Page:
In all, the book was decent, but didn't really blow me away. It could have been a lot better.
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7 of 7 people found the following review helpful
2.0 out of 5 stars Hire an editor!, October 28, 2009
By 
J. Fleming "nodrmforme" (Chandler, AZ United States) - See all my reviews
(REAL NAME)   
This review is from: CakePHP Application Development: Step-by-step introduction to rapid web development using the open-source MVC CakePHP framework (Paperback)
I bought this book based on the reviews here. It was the highest rated CakePHP book on Amazon at the time so I figured I couldn't go wrong. I was a little wrong about that...

The book is pretty easy to follow, and it does a good job introducing you to how CakePHP works and talking you through using the MVC pattern. The reason I gave it such a low rating is because of the code typos that litter the pages and all of the terrible, terrible grammar throughout. It's as though the author didn't speak English natively and the editors didn't bother to fix anything! What's worse, some of the concepts in the book are stated exactly backwards; a read headache for the beginner.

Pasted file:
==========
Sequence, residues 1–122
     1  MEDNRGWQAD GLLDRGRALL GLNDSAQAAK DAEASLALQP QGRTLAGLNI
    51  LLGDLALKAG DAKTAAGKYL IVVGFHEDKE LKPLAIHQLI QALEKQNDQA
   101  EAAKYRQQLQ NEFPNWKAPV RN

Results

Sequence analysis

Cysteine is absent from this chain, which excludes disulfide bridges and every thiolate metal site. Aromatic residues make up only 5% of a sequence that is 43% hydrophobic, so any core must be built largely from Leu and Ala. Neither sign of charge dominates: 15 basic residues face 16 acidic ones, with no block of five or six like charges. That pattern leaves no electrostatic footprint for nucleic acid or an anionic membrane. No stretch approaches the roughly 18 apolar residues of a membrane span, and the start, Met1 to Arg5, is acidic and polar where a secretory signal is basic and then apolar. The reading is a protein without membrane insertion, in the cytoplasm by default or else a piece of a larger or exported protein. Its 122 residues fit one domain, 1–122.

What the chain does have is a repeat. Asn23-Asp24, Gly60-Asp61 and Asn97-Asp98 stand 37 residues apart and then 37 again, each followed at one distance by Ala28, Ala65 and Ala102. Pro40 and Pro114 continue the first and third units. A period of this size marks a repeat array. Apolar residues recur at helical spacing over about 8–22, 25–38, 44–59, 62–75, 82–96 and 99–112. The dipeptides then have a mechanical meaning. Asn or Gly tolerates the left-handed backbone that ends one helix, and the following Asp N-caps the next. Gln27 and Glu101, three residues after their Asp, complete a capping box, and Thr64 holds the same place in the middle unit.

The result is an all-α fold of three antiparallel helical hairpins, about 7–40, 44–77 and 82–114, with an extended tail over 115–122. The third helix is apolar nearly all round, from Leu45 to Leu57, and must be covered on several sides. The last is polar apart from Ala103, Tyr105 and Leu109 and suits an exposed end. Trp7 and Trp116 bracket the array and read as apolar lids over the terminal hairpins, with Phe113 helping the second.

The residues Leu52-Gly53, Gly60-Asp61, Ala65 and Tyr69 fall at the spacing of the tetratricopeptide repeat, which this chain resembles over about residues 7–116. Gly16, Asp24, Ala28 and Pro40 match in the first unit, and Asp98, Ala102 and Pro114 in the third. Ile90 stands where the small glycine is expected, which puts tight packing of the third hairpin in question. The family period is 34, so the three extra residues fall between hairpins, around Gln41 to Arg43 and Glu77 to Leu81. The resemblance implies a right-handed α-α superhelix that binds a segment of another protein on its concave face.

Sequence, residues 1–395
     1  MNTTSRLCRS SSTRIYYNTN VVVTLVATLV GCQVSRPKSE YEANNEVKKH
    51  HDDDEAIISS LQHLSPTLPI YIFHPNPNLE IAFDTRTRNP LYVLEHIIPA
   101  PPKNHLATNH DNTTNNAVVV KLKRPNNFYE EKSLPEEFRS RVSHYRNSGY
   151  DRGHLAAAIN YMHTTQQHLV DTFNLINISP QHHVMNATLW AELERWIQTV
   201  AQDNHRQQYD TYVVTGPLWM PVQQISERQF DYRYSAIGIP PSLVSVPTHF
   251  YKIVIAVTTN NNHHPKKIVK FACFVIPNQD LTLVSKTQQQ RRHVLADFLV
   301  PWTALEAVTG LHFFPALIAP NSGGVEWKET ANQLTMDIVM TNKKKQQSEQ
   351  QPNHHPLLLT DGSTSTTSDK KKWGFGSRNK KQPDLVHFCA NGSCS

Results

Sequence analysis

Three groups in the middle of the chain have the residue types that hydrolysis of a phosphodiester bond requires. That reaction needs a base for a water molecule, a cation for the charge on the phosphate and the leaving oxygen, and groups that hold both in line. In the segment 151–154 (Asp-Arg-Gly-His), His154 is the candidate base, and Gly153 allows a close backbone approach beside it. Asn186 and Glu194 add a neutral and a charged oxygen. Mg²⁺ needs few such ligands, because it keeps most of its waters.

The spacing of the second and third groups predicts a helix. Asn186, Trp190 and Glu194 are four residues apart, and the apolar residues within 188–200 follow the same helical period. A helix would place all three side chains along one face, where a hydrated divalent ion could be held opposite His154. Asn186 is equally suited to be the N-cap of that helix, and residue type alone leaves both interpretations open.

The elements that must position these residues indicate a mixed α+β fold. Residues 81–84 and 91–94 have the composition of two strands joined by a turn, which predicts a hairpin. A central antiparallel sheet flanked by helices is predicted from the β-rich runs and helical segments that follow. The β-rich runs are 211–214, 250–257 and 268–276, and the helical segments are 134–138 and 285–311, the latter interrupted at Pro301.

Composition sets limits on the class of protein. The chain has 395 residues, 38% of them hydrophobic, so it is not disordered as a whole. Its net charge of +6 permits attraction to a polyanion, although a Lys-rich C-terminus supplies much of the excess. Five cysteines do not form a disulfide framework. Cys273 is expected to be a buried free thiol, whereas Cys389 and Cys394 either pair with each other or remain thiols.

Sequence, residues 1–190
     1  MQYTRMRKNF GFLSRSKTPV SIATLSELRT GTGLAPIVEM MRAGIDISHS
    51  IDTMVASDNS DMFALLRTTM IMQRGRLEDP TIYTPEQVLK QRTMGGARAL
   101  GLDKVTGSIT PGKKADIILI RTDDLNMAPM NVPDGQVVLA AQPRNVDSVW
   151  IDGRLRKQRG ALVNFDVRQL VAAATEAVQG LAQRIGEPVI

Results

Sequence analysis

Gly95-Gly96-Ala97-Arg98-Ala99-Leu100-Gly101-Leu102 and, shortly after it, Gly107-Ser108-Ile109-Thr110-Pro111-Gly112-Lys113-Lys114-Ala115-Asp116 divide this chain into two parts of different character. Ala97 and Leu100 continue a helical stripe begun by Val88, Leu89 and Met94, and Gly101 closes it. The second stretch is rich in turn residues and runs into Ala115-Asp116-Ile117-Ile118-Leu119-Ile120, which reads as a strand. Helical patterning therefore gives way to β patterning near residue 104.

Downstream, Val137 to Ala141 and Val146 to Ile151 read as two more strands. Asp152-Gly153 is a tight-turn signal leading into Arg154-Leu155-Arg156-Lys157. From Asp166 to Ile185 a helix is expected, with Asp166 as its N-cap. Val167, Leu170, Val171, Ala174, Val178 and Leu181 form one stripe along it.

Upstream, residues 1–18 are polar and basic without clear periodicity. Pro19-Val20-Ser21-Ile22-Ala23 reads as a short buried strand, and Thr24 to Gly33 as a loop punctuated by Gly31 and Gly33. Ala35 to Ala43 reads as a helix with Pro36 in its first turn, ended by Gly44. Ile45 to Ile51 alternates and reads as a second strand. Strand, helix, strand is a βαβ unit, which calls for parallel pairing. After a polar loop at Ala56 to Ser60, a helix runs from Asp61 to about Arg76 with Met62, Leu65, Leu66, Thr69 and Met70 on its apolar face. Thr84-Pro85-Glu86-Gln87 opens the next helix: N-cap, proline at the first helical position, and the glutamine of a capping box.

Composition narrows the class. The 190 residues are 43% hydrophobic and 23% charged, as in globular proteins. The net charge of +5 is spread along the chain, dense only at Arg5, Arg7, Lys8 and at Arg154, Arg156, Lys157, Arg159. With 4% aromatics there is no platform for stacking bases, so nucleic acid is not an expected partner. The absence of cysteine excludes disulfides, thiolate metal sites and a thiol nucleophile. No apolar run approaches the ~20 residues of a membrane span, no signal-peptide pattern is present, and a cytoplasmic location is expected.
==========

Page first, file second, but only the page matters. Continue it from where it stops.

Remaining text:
If you already know PHP to some degree and are at least familiar with CakePHP, the book is pretty helpful for solidifying ideas. It's probably one of the better books I've read on the topic in terms of the order in which they teach you and how it's described. But, if you're new to PHP or CakePHP, don't start with this book; you'll be pulling your hair out trying to figure out where the typos in the code are and interpreting the text.

Overall, I'm happy I picked the book up. It's the second one I've been reading and it's helped me make more sense of how some of the components work, but if you're new and you just want to learn how to use CakePHP, you should consider looking elsewhere, or at least reading The Manual on their website first.
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12 of 14 people found the following review helpful
5.0 out of 5 stars Good introduction to cakephp, September 25, 2008
This review is from: CakePHP Application Development: Step-by-step introduction to rapid web development using the open-source MVC CakePHP framework (Paperback)